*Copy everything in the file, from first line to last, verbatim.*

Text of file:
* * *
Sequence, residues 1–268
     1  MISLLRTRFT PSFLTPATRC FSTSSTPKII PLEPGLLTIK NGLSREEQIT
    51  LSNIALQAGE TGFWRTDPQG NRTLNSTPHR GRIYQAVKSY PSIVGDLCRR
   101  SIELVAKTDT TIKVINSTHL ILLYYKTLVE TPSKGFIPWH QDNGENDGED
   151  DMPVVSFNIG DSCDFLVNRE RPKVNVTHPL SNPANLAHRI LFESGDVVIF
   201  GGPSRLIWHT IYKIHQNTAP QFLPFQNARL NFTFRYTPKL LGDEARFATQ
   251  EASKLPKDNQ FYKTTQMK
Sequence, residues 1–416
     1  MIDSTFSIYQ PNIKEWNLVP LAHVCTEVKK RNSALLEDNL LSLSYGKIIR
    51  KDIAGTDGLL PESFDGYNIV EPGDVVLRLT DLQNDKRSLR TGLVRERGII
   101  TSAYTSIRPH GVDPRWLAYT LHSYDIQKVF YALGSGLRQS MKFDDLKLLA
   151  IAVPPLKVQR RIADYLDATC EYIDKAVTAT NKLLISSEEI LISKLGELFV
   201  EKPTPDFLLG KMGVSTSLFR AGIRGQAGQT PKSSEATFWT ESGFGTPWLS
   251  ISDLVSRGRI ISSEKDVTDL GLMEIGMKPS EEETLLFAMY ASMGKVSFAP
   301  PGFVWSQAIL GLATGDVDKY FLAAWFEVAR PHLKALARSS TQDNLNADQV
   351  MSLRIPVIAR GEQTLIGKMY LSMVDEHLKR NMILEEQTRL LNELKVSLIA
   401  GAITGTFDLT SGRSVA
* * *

Sequence, residues 1–268
     1  MISLLRTRFT PSFLTPATRC FSTSSTPKII PLEPGLLTIK NGLSREEQIT
    51  LSNIALQAGE TGFWRTDPQG NRTLNSTPHR GRIYQAVKSY PSIVGDLCRR
   101  SIELVAKTDT TIKVINSTHL ILLYYKTLVE TPSKGFIPWH QDNGENDGED
   151  DMPVVSFNIG DSCDFLVNRE RPKVNVTHPL SNPANLAHRI LFESGDVVIF
   201  GGPSRLIWHT IYKIHQNTAP QFLPFQNARL NFTFRYTPKL LGDEARFATQ
   251  EASKLPKDNQ FYKTTQMK
Sequence, residues 1–416
     1  MIDSTFSIYQ PNIKEWNLVP LAHVCTEVKK RNSALLEDNL LSLSYGKIIR
    51  KDIAGTDGLL PESFDGYNIV EPGDVVLRLT DLQNDKRSLR TGLVRERGII
   101  TSAYTSIRPH GVDPRWLAYT LHSYDIQKVF YALGSGLRQS MKFDDLKLLA
   151  IAVPPLKVQR RIADYLDATC EYIDKAVTAT NKLLISSEEI LISKLGELFV
   201  EKPTPDFLLG KMGVSTSLFR AGIRGQAGQT PKSSEATFWT ESGFGTPWLS
   251  ISDLVSRGRI ISSEKDVTDL GLMEIGMKPS EEETLLFAMY ASMGKVSFAP
   301  PGFVWSQAIL GLATGDVDKY FLAAWFEVAR PHLKALARSS TQDNLNADQV
   351  MSLRIPVIAR GEQTLIGKMY LSMVDEHLKR NMILEEQTRL LNELKVSLIA
   401  GAITGTFDLT SGRSVA